“Since you yourself desire standing then help others achieve it, since you yourself desire success then help others attain it.”

There are a variety of methods to gain a following in one’s life, whether at work, at school, at play or here in social media. The one that contains the greatest reward is in supporting those you meet on your journey, helping them to grow and connect with others. Take guidance from Confucius himself, and be modest and supporting in your statements and actions, treating all equally. Make your friends successful; help them get a foothold in life, and they will follow you through any storm or fire….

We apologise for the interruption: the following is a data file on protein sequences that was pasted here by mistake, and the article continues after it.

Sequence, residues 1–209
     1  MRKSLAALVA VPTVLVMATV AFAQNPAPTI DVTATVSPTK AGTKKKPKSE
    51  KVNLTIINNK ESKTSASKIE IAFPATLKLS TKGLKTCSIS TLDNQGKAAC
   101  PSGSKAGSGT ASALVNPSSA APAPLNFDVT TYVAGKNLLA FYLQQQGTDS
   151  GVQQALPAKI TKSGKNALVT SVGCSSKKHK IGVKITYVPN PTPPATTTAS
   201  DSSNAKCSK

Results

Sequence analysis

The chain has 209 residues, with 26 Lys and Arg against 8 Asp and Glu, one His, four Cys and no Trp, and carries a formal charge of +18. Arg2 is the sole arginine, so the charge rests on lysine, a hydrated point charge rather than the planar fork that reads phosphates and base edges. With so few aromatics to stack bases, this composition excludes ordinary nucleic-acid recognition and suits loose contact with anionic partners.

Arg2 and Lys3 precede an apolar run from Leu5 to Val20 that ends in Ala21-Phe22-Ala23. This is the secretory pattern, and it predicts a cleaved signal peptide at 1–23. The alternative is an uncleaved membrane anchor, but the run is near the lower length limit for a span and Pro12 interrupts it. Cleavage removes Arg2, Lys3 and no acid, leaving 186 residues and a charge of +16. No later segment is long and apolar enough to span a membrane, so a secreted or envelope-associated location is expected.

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  1. […] Confucius Day « DÕPÕDÕMÅNÌ dopodomani.me/2009/09/29/confucius-day – view page – cached Today, like many other days on Twitter, I glanced over my new followers, and saw one telling the World that I could rapidly gain tons of new followers with little or no effort, by simply visiting a… (Read more)Today, like many other days on Twitter, I glanced over my new followers, and saw one telling the World that I could rapidly gain tons of new followers with little or no effort, by simply visiting a website and providing my login information…. (Read less) — From the page […]